A plan to close a railway foot crossing in Newmarket would ‘cut the town in half’ an inquiry has been told by residents.
The town’s Weatherby crossing is one of 24 across Suffolk which Network Rail is proposing to close or downgrade, and which are being considered at a public inquiry which started in Bury St Edmunds on Tuesday and is scheduled to last five weeks.
Jacqueline Lean, counsel representing Network Rail, told the opening session of the hearing it wanted to create ‘a more efficient and reliable railway and improve the safety of railway users, level crossing users and staff’.
“Network Rail are looking to reduce the number of level crossings which is in alignment with the national policies,” she said.
But residents and local councillors have raised concerns that the Weatherby crossing is the only walkway linking the north side and south side of Newmarket.
In a document submitted as part of the inquiry, Ann Dunning, chairman of the Newmarket Ladies’ Open Door Club, said that a survey conducted by Network Rail found that 500 people used the crossing daily.
“We object to this closure because it is a much-needed pedestrian rail crossing for Newmarket people. This closure would cut the town in half. People use it for access to the town, shops, schools, allotments and football matches,” she said.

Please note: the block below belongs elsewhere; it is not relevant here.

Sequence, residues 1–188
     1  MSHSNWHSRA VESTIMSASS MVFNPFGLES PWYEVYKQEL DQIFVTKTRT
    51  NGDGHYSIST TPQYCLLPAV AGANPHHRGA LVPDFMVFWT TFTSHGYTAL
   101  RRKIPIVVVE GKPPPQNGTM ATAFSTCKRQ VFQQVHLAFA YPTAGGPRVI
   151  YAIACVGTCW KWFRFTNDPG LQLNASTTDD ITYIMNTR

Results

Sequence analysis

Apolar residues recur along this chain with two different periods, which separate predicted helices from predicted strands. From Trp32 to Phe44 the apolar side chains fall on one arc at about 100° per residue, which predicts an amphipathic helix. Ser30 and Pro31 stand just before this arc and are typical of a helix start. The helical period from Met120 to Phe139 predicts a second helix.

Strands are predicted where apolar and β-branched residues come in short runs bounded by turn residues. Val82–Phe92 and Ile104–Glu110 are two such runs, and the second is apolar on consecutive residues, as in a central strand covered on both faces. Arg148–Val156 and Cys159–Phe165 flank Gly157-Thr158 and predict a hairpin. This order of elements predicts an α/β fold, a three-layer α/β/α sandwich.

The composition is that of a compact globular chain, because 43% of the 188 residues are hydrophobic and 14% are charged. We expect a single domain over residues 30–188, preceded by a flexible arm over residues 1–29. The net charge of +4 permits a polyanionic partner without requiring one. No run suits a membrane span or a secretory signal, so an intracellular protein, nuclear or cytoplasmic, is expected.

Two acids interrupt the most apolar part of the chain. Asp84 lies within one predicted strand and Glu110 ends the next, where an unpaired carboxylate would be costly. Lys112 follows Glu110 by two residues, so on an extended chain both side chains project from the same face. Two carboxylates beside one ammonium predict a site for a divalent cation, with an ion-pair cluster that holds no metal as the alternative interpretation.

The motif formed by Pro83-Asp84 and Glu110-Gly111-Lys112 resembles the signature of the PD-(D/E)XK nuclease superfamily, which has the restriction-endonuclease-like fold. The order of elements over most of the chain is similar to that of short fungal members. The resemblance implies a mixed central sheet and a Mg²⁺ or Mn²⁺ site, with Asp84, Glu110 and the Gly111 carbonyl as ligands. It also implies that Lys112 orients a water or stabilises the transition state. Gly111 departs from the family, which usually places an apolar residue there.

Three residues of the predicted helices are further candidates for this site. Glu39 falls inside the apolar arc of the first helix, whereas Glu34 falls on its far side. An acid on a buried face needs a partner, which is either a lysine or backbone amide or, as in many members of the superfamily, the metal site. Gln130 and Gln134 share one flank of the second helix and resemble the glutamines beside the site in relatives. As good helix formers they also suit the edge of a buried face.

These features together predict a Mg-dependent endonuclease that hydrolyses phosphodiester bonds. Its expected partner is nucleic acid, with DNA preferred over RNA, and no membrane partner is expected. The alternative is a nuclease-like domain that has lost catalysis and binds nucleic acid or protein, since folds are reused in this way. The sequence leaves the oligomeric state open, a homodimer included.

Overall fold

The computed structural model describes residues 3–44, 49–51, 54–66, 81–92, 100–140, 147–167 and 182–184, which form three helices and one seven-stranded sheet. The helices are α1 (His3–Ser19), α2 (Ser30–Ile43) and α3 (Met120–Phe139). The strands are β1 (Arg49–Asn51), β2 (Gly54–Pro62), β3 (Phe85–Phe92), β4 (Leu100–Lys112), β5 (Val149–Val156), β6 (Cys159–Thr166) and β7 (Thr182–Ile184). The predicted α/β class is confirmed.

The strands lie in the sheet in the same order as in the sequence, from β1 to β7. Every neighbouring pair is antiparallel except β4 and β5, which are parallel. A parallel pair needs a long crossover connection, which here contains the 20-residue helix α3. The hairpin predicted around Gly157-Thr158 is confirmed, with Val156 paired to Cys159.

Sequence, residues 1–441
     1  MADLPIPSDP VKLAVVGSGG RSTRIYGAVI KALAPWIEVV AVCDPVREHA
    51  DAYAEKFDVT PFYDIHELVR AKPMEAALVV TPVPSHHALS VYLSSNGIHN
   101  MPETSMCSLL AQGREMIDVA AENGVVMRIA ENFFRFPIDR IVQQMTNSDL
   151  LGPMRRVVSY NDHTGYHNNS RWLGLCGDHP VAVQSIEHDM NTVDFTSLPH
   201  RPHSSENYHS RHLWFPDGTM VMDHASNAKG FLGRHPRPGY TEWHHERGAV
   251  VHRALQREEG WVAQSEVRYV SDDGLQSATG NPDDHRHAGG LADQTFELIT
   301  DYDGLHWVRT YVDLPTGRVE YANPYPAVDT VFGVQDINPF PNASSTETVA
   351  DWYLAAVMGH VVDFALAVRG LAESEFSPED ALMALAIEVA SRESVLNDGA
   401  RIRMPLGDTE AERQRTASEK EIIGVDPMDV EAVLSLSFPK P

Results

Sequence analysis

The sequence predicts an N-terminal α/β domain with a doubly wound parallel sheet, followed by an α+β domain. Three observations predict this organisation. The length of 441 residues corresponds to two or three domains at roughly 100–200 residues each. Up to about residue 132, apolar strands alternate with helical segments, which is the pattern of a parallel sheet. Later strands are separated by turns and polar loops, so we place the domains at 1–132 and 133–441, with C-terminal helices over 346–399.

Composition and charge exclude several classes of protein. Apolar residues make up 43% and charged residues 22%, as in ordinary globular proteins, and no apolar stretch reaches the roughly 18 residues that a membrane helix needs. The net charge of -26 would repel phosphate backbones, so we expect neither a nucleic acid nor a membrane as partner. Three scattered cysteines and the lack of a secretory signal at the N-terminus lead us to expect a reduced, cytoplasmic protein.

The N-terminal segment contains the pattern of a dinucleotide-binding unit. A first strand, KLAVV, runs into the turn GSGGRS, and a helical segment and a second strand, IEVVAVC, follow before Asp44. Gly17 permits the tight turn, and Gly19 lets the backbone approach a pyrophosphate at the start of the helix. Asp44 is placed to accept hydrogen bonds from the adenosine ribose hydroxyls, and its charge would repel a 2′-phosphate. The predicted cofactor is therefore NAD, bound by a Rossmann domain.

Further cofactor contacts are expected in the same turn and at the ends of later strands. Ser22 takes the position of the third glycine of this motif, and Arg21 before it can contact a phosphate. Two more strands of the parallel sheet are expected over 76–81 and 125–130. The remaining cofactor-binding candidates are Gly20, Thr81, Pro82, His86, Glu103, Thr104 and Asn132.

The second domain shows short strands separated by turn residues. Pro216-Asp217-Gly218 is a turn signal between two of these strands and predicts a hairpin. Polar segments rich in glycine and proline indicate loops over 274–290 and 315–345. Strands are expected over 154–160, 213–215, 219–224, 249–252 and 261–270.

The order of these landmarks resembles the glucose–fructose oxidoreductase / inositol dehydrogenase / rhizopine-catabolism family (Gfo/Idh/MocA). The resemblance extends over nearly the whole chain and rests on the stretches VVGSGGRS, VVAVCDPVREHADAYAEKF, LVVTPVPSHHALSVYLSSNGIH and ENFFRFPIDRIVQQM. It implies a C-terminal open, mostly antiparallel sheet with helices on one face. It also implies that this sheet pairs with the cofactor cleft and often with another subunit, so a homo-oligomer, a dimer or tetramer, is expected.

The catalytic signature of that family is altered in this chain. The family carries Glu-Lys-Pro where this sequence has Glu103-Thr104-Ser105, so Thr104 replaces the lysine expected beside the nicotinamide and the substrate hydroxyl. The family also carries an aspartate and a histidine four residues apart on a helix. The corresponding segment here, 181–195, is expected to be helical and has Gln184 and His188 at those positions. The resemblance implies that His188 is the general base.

For Forest Heath District Council, barrister Merrow Golden said the closure of the crossing would have a negative impact on Newmarket residents and requested that inquiry inspector Ian Jenkins recommend it be removed from the closure order.
“Network Rail hasn’t justified the need to close the crossing in this manner and at this time. It fails to consider and balance the public interest in favour of keeping the crossing open. If the crossing is closed the impact on the community will be significant and it will be immediate,” she said.
Network Rail’s statement of case said that residents would have to take an alternative route, including Granary Road, New Cheveley Road and Cricket Field Road adding some 870 metres on to a journey.
But Sue Rumfitt, representing the Suffolk Ramblers’ Association, said the alternative routes were not only much longer but were also dangerous and unfit for purpose.
The inquiry is being held at venues in Newmarket, Bury St Edmunds and Ipswich. The Weatherby crossing will be discussed on March 13 and 14 in Newmarket’s Memorial Hall and those opposing the closure are encouraging residents who support the crossing being kept open to attend.
Read the full story in the Newmarket Journal.